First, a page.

Pour le Pays, Pour les ancêtres,
Marchons, marchons, marchons unis,
Pour le Pays, Pour les ancêtres...

Pour les Aïeux, pour la Patrie
Bêchons joyeux, bêchons joyeux
Quand le champ fructifie
L'âme se fortifie
Bêchons joyeux, bêchons joyeux
Pour les Aïeux, pour la Patrie
Bêchons, bêchons, bêchons joyeux
Pour les Aïeux, pour la Patrie.

Pour le Pays et pour nos Pères
Formons des Fils, formons des Fils
Libres, forts et prospères
Toujours nous serons frères
Formons des Fils, formons des Fils
Pour le Pays et pour nos Pères
Formons, formons, formons des Fils
Pour le Pays et pour nos Pères.

Pour les Aïeux, pour la Patrie
O Dieu des Preux, O Dieu des Preux!
Sous ta garde infinie
Prends nos droits, notre vie
O Dieu des Preux, O Dieu des Preux!
Pour les Aïeux, pour la Patrie
O Dieu, O Dieu, O Dieu des Preux
Pour les Aïeux, pour la Patrie.

Pour le Drapeau, pour la Patrie
Mourir est beau, mourir est beau!
Notre passé nous crie:
Ayez l'âme aguerrie!
Mourir est beau, mourir est beau
Pour le Drapeau, pour la Patrie
Mourir, mourir, mourir est beau
Pour le Drapeau, pour la Patrie.

For the country,
For the ancestors,
Let us march. Let us march united.
Let there be no traitors in our ranks!
Let us be masters of our soil.
United let us march
For the country,
For the ancestors.

For the forefathers,
For the country
Let us toil joyfully.
When the field is fertile
Our soul strengthens.
Let us toil joyfully
For our forebears,
For our country.

For the country
And for the forefathers,
Let us train our sons
Free, strong, and prosperous,
We shall always be brothers.
Let us train our sons
For the country
And for the forefathers.

For the forefathers,
For the country,
Oh God of the valiant!
Take our rights and our life
Under your infinite protection,
Oh God of the valiant!
For the forefathers,
For the country.

For the flag,
For the country
To die is a glorious deed!
Our past cries out to us:
Have a seasoned soul!
To die is a glorious deed,
For the flag,
For the country.

Pou Ayiti peyi Zansèt yo
Se pou-nou mache men nan lamen
Nan mitan-nou pa fèt pou gen trèt
Nou fèt pou-nou sèl mèt tèt nou.
Annou mache men nan lamen
Pou Ayiti ka vin pi bèl
Annou, annou, met tèt ansanm
Pou Ayiti onon tout Zansèt yo.

Pou Ayiti onon Zansèt yo
Se pou-nou sekle se pou-nou plante
Se nan tè tout fòs nou chita
Se li-ki ba nou manje
Ann bite tè, ann voye wou
Ak kè kontan, fòk tè a bay
Sekle, wouze, fanm tankou gason
Pou-nou rive viv ak sèl fòs ponyèt nou.

Pou Ayiti ak pou Zansèt yo
Fo nou kapab vanyan gason
Moun pa fèt pou ret avèk moun
Se sa-ki fè tout Manman ak tout Papa
Dwe pou voye Timoun lekòl
Pou yo aprann, pou yo konnen
Sa Tousen, Desalin, Kristòf, Petyon
Te fè pou wet Ayisyen anba bòt blan.

Pou Ayiti onon Zansèt yo
Ann leve tèt nou gad anlè
Pou tout moun mande Granmèt la
Pou-li ba nou pwoteksyon
Pou move zanj pa detounen-n
Pou-nou ka mache nan bon chimen
Pou libète ka libète
Fòk lajistis blayi sou peyi a!

Nou gen drapo tankou tout pèp
Se pou nou renmen-li mouri pou li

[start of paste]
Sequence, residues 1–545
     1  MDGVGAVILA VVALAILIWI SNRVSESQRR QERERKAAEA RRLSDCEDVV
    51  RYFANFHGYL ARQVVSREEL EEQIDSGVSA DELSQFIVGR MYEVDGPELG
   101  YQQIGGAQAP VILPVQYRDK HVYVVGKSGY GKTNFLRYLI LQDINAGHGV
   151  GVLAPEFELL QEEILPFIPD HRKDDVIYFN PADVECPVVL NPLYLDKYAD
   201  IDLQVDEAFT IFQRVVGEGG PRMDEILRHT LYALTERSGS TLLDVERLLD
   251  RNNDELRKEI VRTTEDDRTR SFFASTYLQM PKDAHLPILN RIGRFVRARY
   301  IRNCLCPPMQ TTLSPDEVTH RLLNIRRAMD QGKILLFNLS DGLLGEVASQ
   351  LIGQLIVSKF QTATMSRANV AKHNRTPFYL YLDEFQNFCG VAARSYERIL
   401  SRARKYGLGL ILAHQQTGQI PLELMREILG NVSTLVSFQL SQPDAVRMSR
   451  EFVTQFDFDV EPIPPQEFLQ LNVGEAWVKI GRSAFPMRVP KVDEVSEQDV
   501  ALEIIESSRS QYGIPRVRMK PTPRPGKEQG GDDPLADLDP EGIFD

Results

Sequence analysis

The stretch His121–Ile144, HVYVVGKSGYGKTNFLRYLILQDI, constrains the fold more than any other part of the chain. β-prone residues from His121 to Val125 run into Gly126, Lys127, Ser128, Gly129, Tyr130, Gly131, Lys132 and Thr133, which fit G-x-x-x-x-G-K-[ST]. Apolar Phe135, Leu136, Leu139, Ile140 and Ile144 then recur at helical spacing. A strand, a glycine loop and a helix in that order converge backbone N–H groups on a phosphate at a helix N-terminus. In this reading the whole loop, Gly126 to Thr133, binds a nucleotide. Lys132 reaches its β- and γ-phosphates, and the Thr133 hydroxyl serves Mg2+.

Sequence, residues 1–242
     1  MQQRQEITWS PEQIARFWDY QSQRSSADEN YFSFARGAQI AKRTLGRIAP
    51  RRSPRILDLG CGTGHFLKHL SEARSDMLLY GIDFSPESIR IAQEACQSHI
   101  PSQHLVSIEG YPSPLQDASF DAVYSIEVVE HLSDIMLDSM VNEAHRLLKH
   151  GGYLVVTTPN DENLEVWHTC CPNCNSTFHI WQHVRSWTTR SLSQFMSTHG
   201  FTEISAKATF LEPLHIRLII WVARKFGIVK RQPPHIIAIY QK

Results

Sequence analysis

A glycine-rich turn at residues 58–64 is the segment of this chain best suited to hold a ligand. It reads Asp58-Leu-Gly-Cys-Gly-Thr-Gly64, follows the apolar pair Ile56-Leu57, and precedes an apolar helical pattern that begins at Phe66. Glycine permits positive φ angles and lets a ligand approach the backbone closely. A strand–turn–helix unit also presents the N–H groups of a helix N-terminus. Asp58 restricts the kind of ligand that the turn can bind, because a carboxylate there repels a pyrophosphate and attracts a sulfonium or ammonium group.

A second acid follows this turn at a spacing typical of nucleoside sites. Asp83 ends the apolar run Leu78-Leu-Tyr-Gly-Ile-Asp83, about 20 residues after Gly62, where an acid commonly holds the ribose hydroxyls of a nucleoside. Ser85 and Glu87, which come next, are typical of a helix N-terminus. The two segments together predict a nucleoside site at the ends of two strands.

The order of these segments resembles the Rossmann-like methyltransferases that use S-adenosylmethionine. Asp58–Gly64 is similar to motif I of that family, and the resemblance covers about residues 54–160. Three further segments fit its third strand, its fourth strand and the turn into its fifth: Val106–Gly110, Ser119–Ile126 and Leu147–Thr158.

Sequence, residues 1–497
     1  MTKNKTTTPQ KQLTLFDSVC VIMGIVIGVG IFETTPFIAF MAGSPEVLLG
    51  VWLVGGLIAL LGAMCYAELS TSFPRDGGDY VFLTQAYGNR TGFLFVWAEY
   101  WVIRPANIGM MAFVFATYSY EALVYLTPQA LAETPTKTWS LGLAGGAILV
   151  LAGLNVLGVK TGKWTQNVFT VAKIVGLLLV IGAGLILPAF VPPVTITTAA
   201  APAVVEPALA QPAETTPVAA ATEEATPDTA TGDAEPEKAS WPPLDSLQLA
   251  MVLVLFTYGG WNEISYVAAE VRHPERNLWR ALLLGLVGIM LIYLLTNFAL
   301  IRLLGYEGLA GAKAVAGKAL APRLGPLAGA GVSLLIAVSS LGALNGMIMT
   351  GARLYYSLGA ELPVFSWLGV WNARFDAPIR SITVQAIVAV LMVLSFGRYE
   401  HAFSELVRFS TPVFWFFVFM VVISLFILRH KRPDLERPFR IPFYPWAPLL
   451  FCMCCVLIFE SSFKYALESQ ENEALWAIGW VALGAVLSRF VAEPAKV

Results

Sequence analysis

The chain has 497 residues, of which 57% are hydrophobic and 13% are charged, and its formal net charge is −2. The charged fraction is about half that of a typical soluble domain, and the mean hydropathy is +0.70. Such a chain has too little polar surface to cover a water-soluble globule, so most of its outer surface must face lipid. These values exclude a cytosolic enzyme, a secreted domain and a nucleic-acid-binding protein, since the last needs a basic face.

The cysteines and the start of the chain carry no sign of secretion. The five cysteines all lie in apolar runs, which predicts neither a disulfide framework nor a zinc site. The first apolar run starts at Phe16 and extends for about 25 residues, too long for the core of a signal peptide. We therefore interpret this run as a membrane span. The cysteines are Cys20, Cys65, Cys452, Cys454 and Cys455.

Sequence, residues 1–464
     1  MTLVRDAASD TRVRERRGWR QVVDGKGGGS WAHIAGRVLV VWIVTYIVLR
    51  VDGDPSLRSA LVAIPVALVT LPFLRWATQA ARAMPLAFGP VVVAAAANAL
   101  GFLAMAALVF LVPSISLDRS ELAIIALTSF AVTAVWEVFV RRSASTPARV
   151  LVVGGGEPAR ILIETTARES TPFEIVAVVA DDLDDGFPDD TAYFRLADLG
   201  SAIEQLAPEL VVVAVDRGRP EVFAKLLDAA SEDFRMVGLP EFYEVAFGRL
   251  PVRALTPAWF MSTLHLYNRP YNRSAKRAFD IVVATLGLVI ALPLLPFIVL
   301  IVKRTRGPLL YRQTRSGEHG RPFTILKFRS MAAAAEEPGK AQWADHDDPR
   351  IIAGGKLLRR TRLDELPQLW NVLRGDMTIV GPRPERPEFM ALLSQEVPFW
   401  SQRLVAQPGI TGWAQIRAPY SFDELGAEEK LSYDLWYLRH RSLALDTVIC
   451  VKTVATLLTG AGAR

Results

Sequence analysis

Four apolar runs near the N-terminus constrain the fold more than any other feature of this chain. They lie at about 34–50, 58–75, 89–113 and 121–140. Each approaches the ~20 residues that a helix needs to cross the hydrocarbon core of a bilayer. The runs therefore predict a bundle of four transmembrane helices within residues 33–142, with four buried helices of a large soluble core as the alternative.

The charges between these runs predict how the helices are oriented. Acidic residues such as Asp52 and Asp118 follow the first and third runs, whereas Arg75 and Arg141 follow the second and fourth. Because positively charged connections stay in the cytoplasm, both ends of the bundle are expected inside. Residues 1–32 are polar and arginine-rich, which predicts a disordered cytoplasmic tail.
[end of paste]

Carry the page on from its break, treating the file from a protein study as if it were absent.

Se pa kado blan te fè nou
Se san Zansèt nou yo ki te koule
Pou nou kenbe drapo nou wo
Se pou nou travay met tèt ansanm.
Pou lòt peyi ka respekte-li
Drapo sila a se nanm tout Ayisyen.

For Haiti, the Country of the Ancestors
we must walk hand in hand
There must not be traitors among us—
We alone must be our master
Let's walk hand in hand
that Haiti may be more beautiful
Let us put our heads together
for Haiti on behalf of all the ancestors

For Haiti on the behalf of the Ancestors
Let us mow, let us sow.
All our strength rests in the soul—
It is what feeds us.
Let us mound up earth, let us send water
With joy, the earth must be fertile
Mow, water, women and men
that we may live by our own arms' strength alone.

For Haiti and for the Ancestors
We must be courageous, capable men.
People are not born to serve others
That is why all mothers and fathers
Need to send children to school,
to learn, to know
what Toussaint, Dessalines, Christophe, Pétion
did to take Haitians from under the whites' boot.

For Haiti on the behalf of the Ancestors
Let us raise our head and look above.
Let everyone to ask the Lord
to grant us protection
that the evil angels may not divert us,
that we may walk in the right path.
For liberty to be able to liberate,
justice must spread over the country!

We have a flag like all peoples.
Let us love it, die for it.
It was not a gift from the whites—
It was our Ancestors' blood that was shed.
Let us hold our flag high.
Let us work together and focus
that other countries may respect it
This flag is the soul of every Haitian.

  • Unitary semi-presidential republic
    • President and Prime Minister: Ariel Henry (acting)
    • President of the Senate: - (vacant)
    • President of the Chamber of Deputies: - (vacant)

  • Capital and largest city: Port-au-Prince
  • Population: 11,439,646
  • Area: 27,750 sq km (10,710 sq mi) (143rd)
  • Currency: Haitian gourde (G) (HTG)
  • ISO-3166-1 Code: HT
  • Country calling code: 509
  • Highest point: Pic la Selle (2680 m/8,793 ft) (83rd)
  • Lowest point: Caribbean Sea (7,686 m/25,217 ft) (-)